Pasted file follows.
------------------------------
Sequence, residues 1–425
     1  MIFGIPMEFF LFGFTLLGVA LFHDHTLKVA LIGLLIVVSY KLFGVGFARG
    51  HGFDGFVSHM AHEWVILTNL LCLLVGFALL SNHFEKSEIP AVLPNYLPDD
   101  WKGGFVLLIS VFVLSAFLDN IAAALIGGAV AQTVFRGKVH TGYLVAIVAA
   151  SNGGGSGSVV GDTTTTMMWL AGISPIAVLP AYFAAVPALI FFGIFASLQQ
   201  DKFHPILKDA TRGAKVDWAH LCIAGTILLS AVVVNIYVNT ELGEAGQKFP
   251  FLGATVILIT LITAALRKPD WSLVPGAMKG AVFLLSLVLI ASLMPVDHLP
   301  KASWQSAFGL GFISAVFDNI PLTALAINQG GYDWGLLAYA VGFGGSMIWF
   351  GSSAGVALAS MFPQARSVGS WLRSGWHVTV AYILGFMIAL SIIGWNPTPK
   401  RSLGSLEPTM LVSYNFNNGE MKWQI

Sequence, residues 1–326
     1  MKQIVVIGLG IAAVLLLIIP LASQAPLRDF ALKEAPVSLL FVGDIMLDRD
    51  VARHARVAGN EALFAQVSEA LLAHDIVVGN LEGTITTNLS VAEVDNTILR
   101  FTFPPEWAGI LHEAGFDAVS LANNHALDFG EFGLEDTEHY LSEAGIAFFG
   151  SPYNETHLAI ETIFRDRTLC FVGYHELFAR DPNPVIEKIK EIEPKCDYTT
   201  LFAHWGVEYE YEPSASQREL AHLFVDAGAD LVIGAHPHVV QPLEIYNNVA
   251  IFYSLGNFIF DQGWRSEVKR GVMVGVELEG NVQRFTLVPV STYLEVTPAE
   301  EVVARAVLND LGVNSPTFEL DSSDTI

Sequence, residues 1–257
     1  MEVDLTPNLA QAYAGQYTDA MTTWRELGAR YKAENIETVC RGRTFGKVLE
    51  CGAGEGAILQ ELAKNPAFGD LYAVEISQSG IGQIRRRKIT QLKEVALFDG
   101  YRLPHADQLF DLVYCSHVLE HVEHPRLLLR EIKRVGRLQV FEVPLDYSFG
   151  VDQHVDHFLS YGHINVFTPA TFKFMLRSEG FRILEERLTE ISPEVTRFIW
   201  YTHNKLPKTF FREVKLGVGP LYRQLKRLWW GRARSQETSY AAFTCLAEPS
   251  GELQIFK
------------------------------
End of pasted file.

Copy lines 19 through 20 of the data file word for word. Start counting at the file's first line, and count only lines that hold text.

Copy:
Sequence, residues 1–257
     1  MEVDLTPNLA QAYAGQYTDA MTTWRELGAR YKAENIETVC RGRTFGKVLE